What does Tony Dungy’s late son have to do with the Super Bowl-winning coach’s admission that he would have passed on openly-gay pass rusher Michael Sam in the draft? Everything, according to those lurking in the darkest recesses of the Twitterverse.
That’s a legit question for Tony Dungy tho. Does he think his son and Michael Sam both end up in hell? Eat your bible dick
— ( . Y . ) (@HoodCertified) July 22, 2014
“The late night call was totally unexpected,” Lauren Dungy writes in Uncommon Marriage: Learning about Lasting Love and Overcoming Life’s Obstacles Together regarding the Christmastime 2005 suicide of her and Tony Dungy’s son. “This was our precious, tender-hearted Jamie, the most compassionate and loving of our children. The Jamie who was always befriending those without a friend–kids of all shapes, sizes, and backgrounds; not just tall, athletic, confident types like him. This was the child who brought home lost animals of every variety. This was the boy, so like my dad, who never met a stranger.”
Almost a decade after his child’s passing, Tony Dungy’s detractors rub raw the wound. For opining that Sam brought too much distraction to justify drafting, Dungy is painfully discovering just how loud of a circus surrounds the Rams player.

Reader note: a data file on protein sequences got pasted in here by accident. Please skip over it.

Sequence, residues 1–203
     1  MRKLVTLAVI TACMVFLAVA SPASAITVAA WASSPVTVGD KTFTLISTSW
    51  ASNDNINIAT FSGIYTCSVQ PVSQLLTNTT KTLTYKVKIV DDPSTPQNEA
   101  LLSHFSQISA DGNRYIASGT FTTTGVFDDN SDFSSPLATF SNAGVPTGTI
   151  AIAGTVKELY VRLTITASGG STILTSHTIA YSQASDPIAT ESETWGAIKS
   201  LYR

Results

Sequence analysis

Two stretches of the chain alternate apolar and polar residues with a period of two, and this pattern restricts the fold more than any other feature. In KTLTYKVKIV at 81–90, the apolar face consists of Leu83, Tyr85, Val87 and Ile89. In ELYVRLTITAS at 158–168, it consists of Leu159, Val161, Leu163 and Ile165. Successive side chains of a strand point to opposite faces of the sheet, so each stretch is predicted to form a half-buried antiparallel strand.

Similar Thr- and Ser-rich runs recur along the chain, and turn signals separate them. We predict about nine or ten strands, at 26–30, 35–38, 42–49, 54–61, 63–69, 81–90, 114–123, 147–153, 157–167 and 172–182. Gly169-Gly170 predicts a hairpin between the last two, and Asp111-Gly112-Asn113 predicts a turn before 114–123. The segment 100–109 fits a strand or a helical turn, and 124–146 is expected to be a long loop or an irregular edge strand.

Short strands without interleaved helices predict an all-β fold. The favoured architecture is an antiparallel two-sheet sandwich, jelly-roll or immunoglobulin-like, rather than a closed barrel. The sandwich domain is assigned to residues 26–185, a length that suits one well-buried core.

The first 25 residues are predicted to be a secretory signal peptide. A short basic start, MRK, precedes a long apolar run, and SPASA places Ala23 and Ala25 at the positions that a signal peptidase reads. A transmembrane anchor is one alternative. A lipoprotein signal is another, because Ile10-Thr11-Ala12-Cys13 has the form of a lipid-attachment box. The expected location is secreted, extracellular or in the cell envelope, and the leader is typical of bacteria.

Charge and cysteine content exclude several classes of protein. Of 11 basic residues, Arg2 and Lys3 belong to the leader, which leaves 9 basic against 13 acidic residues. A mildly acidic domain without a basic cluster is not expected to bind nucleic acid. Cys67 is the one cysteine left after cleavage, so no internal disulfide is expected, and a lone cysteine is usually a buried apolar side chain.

Was Michael Sam the one who distracted Tony Dungy from noticing his son was suicidal?
— Brian Biscieglia (@BrianBiscieglia) July 21, 2014
Tony Dungy wouldn’t draft Sam becuz he is gay. Lowkey I bet Dungy’s son that killed himself was gay. Ppl gotta grow up.
— Konscience Tip (@BDuvall) July 22, 2014
Tony Dungy always knows what’s best for EVERYONE else. Didn’t take 2 seconds off from work to try to save his son who committed suicide.
— Jeff Moss (@JeffMossDSR) July 21, 2014
Tony Dungy thinks everyone should follow religion, just like his junkie son who killed himself.
— sevenwithcheese (@sevenwithcheese) July 22, 2014
If you can’t say something nice about someone, say it on Twitter. From the people who brought you such deep thoughts as “Having a bad hair day” and “Cats r so cute” comes the unintentionally ironic effort to condemn hatred in 140 characters or less by embodying it. In the twentieth century, these people scribbled on bathroom walls.
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